"Eating the Heart of Richard Maxwell" - interview with Maxwell at Hazlitt Feb 16, 2015
Naomi Skwarna interviews Richard Maxwell at Hazlitt:
Did acting lack something for you?
I liked acting, but I felt limited creatively by what I could contribute. I’m a saboteur by nature. When I see something established, I have a really mischievous impulse to undermine it. Specifically, I remember working on a show at Steppenwolf Theater as an artistic intern. At the time, I was in a high school outreach show, Romeo and Juliet, playing a bunch of different small parts. One of the parts was a servant, where I’d come out and say what ho and you know, how doth the queen or something like that. They’d had a party the night before at the theatre that was totally unrelated to the show, and there are all these helium balloons backstage. So like good and dutiful Shakespearean actors in full-on tights and doublets, we decided it would be really great if for our scene we inhaled a whole balloon and went onstage and said our lines.
(I laugh. Maxwell does not. I stop laughing.)
I felt limited as a performer, and maybe… I’m also not the best at it. I don’t have any interest in doing what it takes to be an actor, the whole rigmarole around auditioning, that political scene.
When you said saboteur, I imagine something more destructive.
It is destructive. If you’re inhaling helium and saying your lines in someone else’s directing project, that’s kind of a—I mean, that’s something you do when you’re 20 years old, I guess.
So that instinct pushed you towards writing.
There was the issue of saying words that aren’t your own and repeating them: I think that’s what informs me when I sit down to write something.
...When did “creating original work about people, relationships, and above all, feeling” emerge as a way of describing what your company does?
If you emphasize the about, rather than say that they have feeling in them, or that they show feeling, that’s a different thing. If they’re about feeling, you can start to imagine the behavior [flatness] as justifiable. Sometimes I tell my actors, “There’s a very good chance I was feeling something when I wrote this, and you might think that it’s your job as an actor to feel that too, but it isn’t. Because you’re too late. I already felt it, and I don’t feel that way anymore.”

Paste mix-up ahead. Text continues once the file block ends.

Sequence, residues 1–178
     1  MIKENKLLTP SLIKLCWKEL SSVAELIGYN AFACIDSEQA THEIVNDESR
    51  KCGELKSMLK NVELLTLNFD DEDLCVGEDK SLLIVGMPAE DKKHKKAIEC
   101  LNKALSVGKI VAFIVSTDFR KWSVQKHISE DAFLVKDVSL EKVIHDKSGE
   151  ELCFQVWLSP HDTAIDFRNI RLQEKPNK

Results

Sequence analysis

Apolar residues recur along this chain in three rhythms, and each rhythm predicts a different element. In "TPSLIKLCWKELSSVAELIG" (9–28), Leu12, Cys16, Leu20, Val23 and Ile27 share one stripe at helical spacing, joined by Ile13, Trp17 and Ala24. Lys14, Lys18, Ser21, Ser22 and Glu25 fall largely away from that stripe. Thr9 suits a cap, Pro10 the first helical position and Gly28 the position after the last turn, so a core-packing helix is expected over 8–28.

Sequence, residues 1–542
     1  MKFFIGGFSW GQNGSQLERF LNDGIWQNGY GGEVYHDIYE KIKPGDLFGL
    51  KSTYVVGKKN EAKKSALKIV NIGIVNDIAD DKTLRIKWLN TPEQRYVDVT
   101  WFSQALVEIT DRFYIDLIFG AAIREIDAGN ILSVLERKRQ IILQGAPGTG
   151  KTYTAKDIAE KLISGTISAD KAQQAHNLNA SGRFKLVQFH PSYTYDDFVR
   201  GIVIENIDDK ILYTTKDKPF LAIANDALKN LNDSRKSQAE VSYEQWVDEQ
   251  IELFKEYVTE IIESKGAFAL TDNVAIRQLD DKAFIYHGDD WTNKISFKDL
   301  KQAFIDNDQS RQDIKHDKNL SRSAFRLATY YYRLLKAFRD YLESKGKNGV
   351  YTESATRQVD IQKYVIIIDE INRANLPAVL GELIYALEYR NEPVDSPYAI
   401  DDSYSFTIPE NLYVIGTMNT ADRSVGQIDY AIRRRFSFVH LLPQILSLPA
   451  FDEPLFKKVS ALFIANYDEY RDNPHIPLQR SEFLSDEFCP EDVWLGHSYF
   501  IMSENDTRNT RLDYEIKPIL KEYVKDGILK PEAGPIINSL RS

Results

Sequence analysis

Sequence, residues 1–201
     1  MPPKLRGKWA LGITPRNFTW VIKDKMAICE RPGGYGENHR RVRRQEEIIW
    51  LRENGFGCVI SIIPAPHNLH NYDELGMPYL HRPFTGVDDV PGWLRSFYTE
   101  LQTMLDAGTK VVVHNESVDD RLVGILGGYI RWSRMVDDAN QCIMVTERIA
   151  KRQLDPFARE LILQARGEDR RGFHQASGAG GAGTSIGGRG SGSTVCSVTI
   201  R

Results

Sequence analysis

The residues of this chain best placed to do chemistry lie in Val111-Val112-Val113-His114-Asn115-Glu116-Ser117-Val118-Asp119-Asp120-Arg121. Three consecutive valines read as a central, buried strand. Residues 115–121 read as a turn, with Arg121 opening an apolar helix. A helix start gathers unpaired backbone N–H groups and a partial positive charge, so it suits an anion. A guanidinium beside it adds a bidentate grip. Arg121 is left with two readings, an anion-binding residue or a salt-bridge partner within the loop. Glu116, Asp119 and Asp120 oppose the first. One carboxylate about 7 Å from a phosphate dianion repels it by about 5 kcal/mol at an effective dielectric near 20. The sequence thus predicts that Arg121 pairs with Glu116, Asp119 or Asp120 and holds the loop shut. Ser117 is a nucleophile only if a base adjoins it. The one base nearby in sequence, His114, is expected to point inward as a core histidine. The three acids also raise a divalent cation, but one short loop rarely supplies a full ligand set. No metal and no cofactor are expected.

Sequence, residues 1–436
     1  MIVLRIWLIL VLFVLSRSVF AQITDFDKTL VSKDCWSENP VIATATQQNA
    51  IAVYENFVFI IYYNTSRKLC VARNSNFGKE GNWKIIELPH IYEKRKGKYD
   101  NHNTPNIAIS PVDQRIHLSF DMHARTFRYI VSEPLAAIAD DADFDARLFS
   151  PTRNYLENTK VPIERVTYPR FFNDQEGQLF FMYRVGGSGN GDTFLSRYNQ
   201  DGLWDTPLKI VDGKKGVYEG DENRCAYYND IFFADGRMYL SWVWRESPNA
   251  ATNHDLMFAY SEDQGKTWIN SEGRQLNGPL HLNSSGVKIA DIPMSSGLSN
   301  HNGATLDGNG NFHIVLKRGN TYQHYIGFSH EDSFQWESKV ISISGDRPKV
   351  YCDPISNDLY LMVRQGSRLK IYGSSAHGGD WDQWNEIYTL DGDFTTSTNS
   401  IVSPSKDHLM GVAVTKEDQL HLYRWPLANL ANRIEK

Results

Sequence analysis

That goes against basically everything we’re meant to believe about performance.
Those feelings don’t matter. We’re in this theatre in the present moment. The audience is watching the show, and we celebrate their ability to feel more than the actor’s ability to. So if your goal is to have the audience get something emotional out of it—to experience something that carries them to another place, then we have to get out of the way and let them decide what they should be feeling. Sometimes it corresponds with what I intended, and sometimes it doesn’t. That should all be okay.
Your work makes me feel like I’m being denied the traditional behaviors that show me what to feel. It was hard to decode my emotions from moment-to-moment.
Do you think that you do that in quote-unquote normal play? Do you spend time thinking about it at all?
I think about that a lot, relatively. I think about how telling an audience what to feel permits us to stop generating our own discrete responses.
So when you go see a normal play are you thinking about decoding what you’re feeling or experiencing?
I was so confused about my own emotional state during Neutral Hero that my attention shifted to the performers; I got very intimate with their faces, the way they carried themselves. I was especially interested in watching the more obvious non-professional performers. How did you come to work with non-professional actors? Your practice of working with “amateurs” is seen as one of your more unorthodox signatures.
I’m attracted to exoticism in the mind, the way people think. It’s that unorthodoxy that creates interesting moments or situations in rehearsal and onstage. I discovered that when I was directing community shows in Minnesota, [in my late 20s]. I was directing You Can’t Take It With You, and it’s a big play. Something like 18 characters. Casting wasn’t what I knew it to be, with the onus on the actor to prove themselves as worthy candidates. It was the opposite. I was begging, virtually begging people to be in the play because I had no one else. It was humbling, working with people that had never been onstage before and had no interest in being onstage. That total lack of interest was really intriguing; here they are, performing, in costume, saying lines, and they’re not sure they should be doing it. Whatever vulnerability people seek as performers or theatre makers, it made that experience for me, at least watching it, more vulnerable. That reluctance—reluctance and fortitude.